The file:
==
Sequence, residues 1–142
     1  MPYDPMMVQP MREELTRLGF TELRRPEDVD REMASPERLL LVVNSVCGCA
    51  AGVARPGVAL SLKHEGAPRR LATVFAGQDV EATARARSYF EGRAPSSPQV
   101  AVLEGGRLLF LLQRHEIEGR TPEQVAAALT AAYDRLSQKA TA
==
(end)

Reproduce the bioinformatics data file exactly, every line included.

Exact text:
Sequence, residues 1–142
     1  MPYDPMMVQP MREELTRLGF TELRRPEDVD REMASPERLL LVVNSVCGCA
    51  AGVARPGVAL SLKHEGAPRR LATVFAGQDV EATARARSYF EGRAPSSPQV
   101  AVLEGGRLLF LLQRHEIEGR TPEQVAAALT AAYDRLSQKA TA